Marcus Hummon describes himself as someone happily obsessed with songwriting, and he hopes to share that same joy with the younger generation. Young musicians at Groton were indeed fortunate to welcome Mr. Hummon, a Grammy-winning songwriter, on campus hosting a master class and a songwriting workshop on Sunday, December 8.
Mr. Hummon shared his personal take of songwriting as well as anecdotes from his music career. Moving to Los Angeles to seek a record deal after college, he met months of frustration and was even laughed at by the father of his former girlfriend. His career later took off, however, after he relocated to Nashville, finding success first on the city’s club circuit and then as songwriter of multiple country hits.
“As a songwriter, you have to realize at a certain point that you have no place to return to,” he commented on his songwriting career.
For Mr. Hummon, a song’s lyrics are just as important as its melody: “‘American Pie’ is arguably one of the greatest songs of the modern era. Initially, nobody knew what he was talking about. I mean, who’s the ‘jester?’ Who’s ‘jumping over the candlestick?’ And all this stuff moved together [to create] this beautiful song, this beautiful six-minute journey to the American mind.”
The rule of thumb for lyrical content? “A lyric that is compelling, a lyric which tells a story, a story of humanity, with passion, a story with humor would always be appealing.” While young love dominates as the main theme of pop songs, Mr. Hummon enjoys listening to songs on life’s many other aspects as well. That’s what he finds particulary exciting about writing theater music — all the different characters have a wide array of stories, ones that are rarely found in the lyrics of pop songs, waiting to be told.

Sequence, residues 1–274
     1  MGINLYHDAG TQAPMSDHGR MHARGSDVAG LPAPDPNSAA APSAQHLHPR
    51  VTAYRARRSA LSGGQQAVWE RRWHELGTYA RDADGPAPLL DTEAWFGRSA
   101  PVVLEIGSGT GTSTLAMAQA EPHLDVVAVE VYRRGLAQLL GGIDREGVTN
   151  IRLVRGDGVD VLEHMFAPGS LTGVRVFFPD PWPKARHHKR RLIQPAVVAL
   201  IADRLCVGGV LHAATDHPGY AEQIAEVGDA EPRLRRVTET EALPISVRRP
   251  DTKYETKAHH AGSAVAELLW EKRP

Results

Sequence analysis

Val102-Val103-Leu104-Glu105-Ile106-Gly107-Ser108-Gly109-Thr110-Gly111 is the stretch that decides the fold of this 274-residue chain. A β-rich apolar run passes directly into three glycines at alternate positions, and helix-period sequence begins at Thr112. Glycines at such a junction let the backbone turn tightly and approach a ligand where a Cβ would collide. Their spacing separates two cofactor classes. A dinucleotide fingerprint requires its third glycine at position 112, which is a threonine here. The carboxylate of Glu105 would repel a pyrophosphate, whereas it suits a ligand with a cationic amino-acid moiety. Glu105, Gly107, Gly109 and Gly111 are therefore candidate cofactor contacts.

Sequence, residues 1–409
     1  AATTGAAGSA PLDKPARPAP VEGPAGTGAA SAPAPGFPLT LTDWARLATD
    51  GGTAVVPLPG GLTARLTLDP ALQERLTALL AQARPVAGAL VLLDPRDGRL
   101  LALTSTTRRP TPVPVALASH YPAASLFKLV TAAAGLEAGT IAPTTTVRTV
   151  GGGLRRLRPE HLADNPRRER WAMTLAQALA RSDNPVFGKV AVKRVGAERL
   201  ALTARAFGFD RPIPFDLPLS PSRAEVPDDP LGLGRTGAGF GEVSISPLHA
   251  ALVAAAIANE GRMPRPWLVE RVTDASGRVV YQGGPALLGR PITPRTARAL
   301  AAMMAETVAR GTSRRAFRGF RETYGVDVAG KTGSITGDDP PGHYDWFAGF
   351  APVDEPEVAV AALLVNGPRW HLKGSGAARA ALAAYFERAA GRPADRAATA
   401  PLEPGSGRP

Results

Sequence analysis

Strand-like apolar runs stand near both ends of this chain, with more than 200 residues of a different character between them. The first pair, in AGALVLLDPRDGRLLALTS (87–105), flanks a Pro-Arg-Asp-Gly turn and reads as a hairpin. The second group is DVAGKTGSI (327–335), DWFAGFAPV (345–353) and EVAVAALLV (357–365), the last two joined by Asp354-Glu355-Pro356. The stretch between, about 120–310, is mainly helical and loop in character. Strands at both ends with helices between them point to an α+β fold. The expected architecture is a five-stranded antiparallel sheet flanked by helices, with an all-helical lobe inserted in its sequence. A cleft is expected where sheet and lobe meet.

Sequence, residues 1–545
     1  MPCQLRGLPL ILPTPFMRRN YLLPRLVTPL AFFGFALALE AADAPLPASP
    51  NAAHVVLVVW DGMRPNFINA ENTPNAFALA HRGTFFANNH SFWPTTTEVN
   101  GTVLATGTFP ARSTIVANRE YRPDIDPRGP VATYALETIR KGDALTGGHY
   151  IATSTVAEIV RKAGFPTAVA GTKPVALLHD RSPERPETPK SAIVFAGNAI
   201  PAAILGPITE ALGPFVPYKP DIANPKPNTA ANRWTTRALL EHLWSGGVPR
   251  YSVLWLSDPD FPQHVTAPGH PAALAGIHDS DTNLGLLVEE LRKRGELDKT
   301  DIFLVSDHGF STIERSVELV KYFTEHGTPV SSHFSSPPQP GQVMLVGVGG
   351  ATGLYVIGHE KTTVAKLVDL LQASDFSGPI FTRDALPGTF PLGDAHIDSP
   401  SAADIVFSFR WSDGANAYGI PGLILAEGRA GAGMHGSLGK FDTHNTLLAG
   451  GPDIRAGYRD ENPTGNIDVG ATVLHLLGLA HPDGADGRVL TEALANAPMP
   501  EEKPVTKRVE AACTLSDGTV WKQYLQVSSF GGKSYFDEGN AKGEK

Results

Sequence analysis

Mr. Hummon shared his take on the nature of songwriting. “The songwriter is not tucked in a cave somewhere,” he said, “but rather a pilgrim among us creating poetry in a somewhat detached fashion.”
Apart from engaging discussions, the master class also featured performance from Mr. Hummon himself. Sitting on a high stool, he at times picked up his guitar to give his own rendition of classic country songs, including his own favorite, James Taylor’s “Fire and Rain.”
Musicians from both Groton and the local community then had the opportunity to share their own pieces during an hour-long songwriting workshop. Students including Groton’s Matt Ko ’15, Phoebe Fry ’17, and Turner Banwell ’15 played songs spanning several different genres. Mr. Hummon gave high praises to the creative works while offering his suggestions for them to hone their songwriting technique.
The brief hours of discussions filled with music and hearty laughter passed quickly. At 5 pm, Mr. Hummon performed many of his classic pieces at the Gammons Hall to conclude a memorable afternoon.